WHEN in Asia, eat like the Asians do.
Eating etiquette in Asia may differ from country to country, but a little research before flying out is a thoughtful move to avoid disrespect at the dining table or at a restaurant.
Here are some of the do’s and don’ts of dining that are common across many Asian countries.
Accept food or tea with both hands
Tea drinking is an essential part of Asian cuisine. In China and Taiwan, when the host offers you a cup of tea, graciously accept the teacup with both hands.
Similarly, in Korea, you should hold out your cup with both hands when an elder fills your cup with tea. You should also use both hands to accept a side dish when someone passes it to you at the table.
At the same time, it’s considered rude to turn down your host when he or she offers you something to eat or drink. Simple accept, say thank you and have a small bite or sip.
Serve food and drinks to others first
In most Asian countries, it’s customary to make sure your fellow diners’ bowls and cups are filled first. For example, in Hong Kong, Taiwan, China, Malaysia and Singapore, it’s common for hosts and guests alike to serve food to the people next to them or nearest to them before they eat.
In Vietnam, men are often served first while in Indonesia and Korea, guests would only begin eating after the elders have started.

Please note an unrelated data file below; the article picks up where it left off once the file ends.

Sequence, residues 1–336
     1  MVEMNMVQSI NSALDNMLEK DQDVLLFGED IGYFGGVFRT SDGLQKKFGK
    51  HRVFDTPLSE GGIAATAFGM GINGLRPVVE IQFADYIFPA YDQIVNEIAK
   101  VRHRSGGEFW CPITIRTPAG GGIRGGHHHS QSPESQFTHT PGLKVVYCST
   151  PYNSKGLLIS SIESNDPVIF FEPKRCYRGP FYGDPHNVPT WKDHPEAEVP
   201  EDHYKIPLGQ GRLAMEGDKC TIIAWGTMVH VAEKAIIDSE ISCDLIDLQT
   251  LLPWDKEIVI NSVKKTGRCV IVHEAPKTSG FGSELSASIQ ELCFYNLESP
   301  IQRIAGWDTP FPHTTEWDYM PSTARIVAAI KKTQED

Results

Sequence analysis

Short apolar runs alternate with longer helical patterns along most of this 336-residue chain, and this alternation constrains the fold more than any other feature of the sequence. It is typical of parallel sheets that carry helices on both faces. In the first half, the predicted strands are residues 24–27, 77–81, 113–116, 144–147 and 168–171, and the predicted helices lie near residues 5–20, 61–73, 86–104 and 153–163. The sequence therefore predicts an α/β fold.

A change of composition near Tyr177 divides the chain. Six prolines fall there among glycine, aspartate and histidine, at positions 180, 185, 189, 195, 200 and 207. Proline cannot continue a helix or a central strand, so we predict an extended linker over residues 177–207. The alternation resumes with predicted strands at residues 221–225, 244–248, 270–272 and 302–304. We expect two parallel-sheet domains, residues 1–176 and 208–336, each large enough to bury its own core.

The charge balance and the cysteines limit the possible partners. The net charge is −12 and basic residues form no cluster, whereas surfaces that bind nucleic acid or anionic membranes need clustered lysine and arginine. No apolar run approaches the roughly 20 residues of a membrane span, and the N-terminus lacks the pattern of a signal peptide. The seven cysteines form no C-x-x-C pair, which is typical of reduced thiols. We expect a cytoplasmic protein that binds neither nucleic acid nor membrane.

Also, don’t pour yourself a cup of tea without serving other guests first. If you want more tea, pour some for the people next to you before refilling your own cup. Do the same for rice or other food – ask others if they want more rice or noodles before you order your second bowl.
Share food courteously
Communal meals where numerous plates of food are shared amongst a group of people are common in Asia. Do be considerate and only take small portions at a time.
If there’s a lazy Susan, turn it only in one direction and politely take parcels of food that are right in front of you. Also, let the elders go first if two people are reaching for the same dish at the same time.
Refrain from rummaging through dishes for the parts you like – for example picking a dish apart to get to the meatiest part of the fish or chicken. “Digging for treasure”, as the Asians call it, is a sign of disrespect and bad manners.
Eat with your right hand
In India, Malaysia, Singapore and Indonesia, Malay and Indian meals are usually enjoyed with bare hands. Always wash your hands thoroughly before meals and only use your right hand to eat.
Remember not to eat with your left hand even if you are left-handed. It’s considered taboo to eat with your left hand as it’s “reserved for personal use” in the toilet.
Be mindful around chopsticks
Do try to eat noodles using the two-handed method. Noodle soups are a staple in almost all Asian meals and there are actually many different ways to eat them.
For the sake of simplicity, you can just go for the two-handed approach with one hand use your chopstick to pick up the noodles. With the other, use the spoon to scoop up the soup.
You can simultaneously place both the broth and noodles into your mouth or alternate between the both of them. Slurp if you like – in Asia, slurping is a sign of enjoying your food.
On top of that, don’t stick your chopsticks upright in a bowl of noodles, rice or other dishes. This is considered taboo because it resembles placing incense in your food and offering it to the deceased.